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Construction Starts Drop 23% in January

0 191 Market Intelligence

Reed Construction Data (RCD) announced today that the January 2009 value of construction starts, excluding residential contracts, totaled $21.590 billion, 5.3% more than in January 2008. However, starts fell 23% from December, which was a decrease of almost 20% after allowing for the usual small seasonal decline in the first month of the year, reports Jim Haughey, chief economist for Reed Construction Data.

Reed Construction Data (RCD) announced today that the January 2009 value of construction starts, excluding residential contracts, totaled $21.590 billion, 5.3% more than in January 2008. However, starts fell 23% from December, which was a decrease of almost 20% after allowing for the usual small seasonal decline in the first month of the year. This is an unusually large cutback. The only similar drop in recent years was in September 2005 and that was reversed the following month.

The large January decline is likely partly random and partly due to plunging project costs, but much of it will persist because it reflects the deepening of the recession a few months ago. Construction materials prices fell 8% in the last three months with contractor margins also being reduced.

The value of construction starts each month is summarized from RCD’s database of all active construction projects in the United States, excluding single-family homes. Missing project values are estimated using RSMeans’ building cost models.

Value of United States Construction Starts — January 2009
(Reed Construction Data)

  January 2009
($ millions)
% Change
(Jan 09 vs
Jan 08)
  January 2009
($ millions)
% Change
(Jan 09 vs
Jan 08)
Hotel/Motel $479 -62.6%   Government Office $371 79.1%
Retail $1,171 -51.4%   Laboratory $171 -50.3%
Parking Garage $122 -60.2%   Warehouse $385 121.6%
Amusement $362 2.8%   Misc. Commercial $1,217 255.2%
Private Office $1,452 6.2%  
COMMERCIAL $84,021 -8.4%

INDUSTRIAL (Manufacturing) $5,730 -15.5%

Religious $267 12.8%   Police/Courthouse/Prison $348 -34.7%
Hospital/Clinic $1,610 14.3%   Military $447 -62.5%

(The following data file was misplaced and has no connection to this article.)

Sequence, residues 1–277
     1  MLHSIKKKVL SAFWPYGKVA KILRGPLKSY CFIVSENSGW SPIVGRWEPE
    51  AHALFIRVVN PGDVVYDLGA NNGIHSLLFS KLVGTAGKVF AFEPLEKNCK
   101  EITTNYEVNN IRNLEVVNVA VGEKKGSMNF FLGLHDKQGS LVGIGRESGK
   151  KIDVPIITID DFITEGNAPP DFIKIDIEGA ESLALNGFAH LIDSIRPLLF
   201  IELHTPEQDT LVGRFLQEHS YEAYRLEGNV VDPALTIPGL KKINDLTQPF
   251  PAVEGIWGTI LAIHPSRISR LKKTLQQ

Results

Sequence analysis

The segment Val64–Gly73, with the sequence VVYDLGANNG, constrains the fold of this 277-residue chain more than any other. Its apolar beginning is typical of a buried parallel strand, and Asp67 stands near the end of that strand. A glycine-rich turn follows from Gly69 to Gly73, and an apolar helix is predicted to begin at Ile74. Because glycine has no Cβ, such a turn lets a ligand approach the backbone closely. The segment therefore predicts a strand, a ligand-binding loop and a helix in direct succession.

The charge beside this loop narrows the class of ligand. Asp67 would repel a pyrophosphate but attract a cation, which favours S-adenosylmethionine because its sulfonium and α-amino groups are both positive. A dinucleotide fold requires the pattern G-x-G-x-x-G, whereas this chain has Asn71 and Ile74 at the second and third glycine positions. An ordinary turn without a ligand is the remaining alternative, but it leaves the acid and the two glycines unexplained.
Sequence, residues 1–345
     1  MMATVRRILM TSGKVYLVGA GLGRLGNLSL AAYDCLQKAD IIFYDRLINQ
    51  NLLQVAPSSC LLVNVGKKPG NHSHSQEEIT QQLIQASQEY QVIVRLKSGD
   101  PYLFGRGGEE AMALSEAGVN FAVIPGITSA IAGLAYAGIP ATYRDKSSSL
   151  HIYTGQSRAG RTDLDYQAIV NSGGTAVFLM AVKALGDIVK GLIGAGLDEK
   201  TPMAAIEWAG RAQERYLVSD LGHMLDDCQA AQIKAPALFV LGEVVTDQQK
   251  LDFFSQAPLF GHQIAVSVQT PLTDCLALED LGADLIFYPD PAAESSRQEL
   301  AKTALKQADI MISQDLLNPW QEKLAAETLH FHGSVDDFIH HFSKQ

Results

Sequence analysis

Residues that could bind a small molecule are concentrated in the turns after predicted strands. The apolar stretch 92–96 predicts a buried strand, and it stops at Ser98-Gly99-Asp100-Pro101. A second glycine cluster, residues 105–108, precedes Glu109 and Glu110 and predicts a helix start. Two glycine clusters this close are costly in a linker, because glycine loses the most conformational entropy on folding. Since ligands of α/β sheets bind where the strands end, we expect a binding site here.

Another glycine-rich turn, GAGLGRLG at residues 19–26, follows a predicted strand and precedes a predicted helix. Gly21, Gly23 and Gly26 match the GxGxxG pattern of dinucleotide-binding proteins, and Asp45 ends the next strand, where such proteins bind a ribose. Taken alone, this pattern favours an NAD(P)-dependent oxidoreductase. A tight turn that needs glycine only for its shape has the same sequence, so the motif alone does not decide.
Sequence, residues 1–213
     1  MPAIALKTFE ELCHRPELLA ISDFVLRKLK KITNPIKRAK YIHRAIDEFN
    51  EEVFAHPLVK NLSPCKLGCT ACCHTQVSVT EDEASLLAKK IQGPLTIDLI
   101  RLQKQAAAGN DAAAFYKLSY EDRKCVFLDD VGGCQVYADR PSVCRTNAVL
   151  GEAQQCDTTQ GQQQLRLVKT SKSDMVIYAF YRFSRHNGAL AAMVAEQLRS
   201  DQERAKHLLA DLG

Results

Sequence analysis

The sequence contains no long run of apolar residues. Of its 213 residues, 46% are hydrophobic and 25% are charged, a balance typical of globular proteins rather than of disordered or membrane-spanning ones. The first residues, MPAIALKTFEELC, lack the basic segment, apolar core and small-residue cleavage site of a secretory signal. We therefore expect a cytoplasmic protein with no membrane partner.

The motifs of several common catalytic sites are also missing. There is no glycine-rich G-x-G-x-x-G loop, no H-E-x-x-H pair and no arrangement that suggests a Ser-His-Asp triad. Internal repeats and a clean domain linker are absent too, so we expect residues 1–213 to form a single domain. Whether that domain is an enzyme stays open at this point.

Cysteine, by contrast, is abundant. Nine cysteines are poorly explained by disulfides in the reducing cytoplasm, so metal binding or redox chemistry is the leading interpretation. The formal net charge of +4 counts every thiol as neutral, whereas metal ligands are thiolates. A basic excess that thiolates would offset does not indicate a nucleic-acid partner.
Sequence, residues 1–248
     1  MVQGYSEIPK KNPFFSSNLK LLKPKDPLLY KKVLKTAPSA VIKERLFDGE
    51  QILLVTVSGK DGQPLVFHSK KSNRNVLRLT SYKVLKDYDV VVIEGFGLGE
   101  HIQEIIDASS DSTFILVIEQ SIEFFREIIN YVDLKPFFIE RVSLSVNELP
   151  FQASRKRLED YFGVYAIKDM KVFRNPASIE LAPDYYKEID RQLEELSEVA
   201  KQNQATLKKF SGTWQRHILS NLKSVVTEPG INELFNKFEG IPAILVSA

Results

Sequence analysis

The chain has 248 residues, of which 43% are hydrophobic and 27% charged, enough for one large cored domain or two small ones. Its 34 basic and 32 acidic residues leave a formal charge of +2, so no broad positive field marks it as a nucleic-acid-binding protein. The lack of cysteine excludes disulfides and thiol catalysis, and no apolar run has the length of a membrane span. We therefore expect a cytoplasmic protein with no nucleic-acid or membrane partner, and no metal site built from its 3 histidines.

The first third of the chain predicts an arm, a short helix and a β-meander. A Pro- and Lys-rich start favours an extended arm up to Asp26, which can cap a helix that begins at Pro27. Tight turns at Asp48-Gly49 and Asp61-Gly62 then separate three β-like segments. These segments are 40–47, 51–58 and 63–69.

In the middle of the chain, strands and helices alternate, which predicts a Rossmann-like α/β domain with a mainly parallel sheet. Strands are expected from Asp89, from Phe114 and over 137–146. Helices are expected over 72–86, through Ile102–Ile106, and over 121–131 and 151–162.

Nursing/Assisted Living $439 80.0%   School/College $4,212 18.4%
Library/Museum $601 110.2%   Misc. Government $523 86.7%
INSTITUTIONAL $8,447 9.1%  

Misc. Non-residential $215 19.7%
NON-RESIDENTIAL BUILDING $14,660 -2.9%

Airport $66 366.8%   Dam/Marine $151 140.8%
Road/Highway $2,737 10.3%   Water/Sewage $1,966 20.8%
Bridge $686 26.1%   Misc. Civil $1,324 97.5%
HEAVY ENGINEERING $6,930 28.4%

TOTAL NON-RESIDENTIAL $21,590 5.3%

Source: Reed Construction Data (RCD) and Property & Portfolio Research (PPR) (www.ppr.info).
Table: Reed Construction Data – CanaData.

Heavy project starts fell 13% in January (month over month), although starts increased slightly for highways as public works managers took advantage of suddenly more competitive bidding and plunging asphalt prices. Commercial starts declined 23%. No large stadium or arena projects started in January but more are in the planning stage. Institutional starts declined 28%. However the institutional decline was from an exceptionally high December total. The commercial market is still significantly weaker than the institutional market.

Congress appears likely to appropriate approximately $150 billion for infrastructure construction, mostly civil projects plus renovations of public and education buildings. This will cushion the slide in starts and construction spending later this year and strengthen an upturn in construction activity next year and for several years beyond. RCD expects that the money will be spent slower than the promises now being made in Washington. The gift from Washington will cause some governments and institutions to transfer money from capital to operating budgets so that the net addition will be less than the gross appropriation by Congress.

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by Jim Haughey

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